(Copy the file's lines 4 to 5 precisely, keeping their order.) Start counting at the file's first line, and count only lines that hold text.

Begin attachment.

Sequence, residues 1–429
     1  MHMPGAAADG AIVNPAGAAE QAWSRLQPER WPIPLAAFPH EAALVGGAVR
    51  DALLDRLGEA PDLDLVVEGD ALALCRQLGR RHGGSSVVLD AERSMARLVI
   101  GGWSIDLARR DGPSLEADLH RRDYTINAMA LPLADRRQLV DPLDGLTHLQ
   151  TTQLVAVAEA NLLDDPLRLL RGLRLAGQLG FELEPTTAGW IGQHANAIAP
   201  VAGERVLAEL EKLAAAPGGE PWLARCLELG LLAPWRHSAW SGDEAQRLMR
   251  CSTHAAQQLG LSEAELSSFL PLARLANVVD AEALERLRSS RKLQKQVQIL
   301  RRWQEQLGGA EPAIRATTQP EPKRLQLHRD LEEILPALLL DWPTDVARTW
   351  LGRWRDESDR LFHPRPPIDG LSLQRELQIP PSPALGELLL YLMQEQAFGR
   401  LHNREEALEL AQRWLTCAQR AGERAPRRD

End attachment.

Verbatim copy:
   101  GGWSIDLARR DGPSLEADLH RRDYTINAMA LPLADRRQLV DPLDGLTHLQ
   151  TTQLVAVAEA NLLDDPLRLL RGLRLAGQLG FELEPTTAGW IGQHANAIAP